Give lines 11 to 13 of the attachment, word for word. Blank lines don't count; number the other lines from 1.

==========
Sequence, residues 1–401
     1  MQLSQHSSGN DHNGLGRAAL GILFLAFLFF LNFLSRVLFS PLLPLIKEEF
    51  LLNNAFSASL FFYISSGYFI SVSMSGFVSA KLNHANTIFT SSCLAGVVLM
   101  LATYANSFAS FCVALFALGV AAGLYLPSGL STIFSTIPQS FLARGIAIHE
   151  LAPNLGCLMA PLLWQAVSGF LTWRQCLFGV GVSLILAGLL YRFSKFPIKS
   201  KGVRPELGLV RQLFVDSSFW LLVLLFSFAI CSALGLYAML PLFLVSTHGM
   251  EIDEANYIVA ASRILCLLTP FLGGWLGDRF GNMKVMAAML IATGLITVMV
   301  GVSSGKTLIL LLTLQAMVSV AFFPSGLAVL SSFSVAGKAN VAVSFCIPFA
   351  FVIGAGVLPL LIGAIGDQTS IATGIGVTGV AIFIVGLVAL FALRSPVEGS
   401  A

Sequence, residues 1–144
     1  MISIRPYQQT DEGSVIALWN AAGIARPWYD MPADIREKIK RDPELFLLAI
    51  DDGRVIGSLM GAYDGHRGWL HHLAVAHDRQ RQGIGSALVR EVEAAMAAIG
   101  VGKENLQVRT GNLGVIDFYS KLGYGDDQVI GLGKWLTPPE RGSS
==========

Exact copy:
Sequence, residues 1–144
     1  MISIRPYQQT DEGSVIALWN AAGIARPWYD MPADIREKIK RDPELFLLAI
    51  DDGRVIGSLM GAYDGHRGWL HHLAVAHDRQ RQGIGSALVR EVEAAMAAIG